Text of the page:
PHOENIX (AP) There was a moment last season when the Milwaukee Brewers started to click.
Perhaps it happened once the Brewers realized that they didn't have to do anything special to make up for the loss of Prince Fielder. Or when they finally started to buy into the changes that manager Ron Roenicke and new hitting coach Johnny Narron had been trying to implement.
Whatever the case, the Brewers quietly put together one of the most productive and efficient offensive seasons in the majors, leading the NL in runs, homers and RBIs.
Not to mention slugging percentage and stolen bases.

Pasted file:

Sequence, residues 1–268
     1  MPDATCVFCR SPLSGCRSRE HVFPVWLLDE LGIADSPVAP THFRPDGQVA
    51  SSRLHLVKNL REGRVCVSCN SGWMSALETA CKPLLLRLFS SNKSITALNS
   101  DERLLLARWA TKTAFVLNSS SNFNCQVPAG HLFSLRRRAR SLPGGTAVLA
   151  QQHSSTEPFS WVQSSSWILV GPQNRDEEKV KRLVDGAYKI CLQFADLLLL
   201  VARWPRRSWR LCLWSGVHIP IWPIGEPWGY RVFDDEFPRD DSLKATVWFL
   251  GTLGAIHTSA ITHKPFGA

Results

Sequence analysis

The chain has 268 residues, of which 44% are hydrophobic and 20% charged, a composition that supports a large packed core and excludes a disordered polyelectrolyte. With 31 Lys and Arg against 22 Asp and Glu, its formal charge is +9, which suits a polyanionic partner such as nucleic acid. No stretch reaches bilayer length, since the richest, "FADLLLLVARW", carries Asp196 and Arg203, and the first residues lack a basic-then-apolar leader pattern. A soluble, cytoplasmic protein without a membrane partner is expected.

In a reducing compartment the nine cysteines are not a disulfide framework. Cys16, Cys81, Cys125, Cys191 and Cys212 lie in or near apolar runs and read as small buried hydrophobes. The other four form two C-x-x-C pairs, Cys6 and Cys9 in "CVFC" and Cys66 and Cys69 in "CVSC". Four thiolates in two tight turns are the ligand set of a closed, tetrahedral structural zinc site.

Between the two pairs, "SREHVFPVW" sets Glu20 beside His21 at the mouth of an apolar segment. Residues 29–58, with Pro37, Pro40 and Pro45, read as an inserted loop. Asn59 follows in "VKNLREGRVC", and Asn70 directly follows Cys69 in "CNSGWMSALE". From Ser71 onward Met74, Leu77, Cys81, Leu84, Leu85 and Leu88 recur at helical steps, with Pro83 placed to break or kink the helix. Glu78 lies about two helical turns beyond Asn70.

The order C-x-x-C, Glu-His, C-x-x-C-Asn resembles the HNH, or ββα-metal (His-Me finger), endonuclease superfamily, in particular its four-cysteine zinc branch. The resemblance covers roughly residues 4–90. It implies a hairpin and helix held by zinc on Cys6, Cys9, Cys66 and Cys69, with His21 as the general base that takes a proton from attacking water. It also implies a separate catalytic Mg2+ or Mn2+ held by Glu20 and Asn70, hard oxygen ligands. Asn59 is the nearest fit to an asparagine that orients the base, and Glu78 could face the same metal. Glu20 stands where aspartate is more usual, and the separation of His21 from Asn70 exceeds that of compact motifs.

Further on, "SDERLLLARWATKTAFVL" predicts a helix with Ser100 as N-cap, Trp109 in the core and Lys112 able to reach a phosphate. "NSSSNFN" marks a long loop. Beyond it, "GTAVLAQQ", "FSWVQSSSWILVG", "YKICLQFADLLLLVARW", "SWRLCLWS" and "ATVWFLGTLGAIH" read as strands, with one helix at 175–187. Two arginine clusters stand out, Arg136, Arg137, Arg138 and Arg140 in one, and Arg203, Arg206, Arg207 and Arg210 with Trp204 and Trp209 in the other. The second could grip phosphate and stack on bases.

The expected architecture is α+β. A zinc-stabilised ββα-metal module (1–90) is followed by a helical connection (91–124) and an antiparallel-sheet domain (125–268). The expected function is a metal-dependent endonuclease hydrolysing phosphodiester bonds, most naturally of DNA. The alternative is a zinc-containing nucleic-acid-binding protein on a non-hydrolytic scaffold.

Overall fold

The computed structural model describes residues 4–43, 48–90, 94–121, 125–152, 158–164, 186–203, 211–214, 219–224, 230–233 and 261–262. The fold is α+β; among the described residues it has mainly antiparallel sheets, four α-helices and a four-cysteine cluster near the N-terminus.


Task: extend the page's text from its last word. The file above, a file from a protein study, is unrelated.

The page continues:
"But the first half of the season last year, we were not good offensively," Roenicke is quick to point out. "If you look at the numbers, it was not good at all, and I don't forget that."
Easy to forget that the Brewers hit .245 before the All-Star break, 13th among the 16 teams in the NL last season. They scored the fifth-most runs, but inconsistency up and down the lineup kept them producing at an e...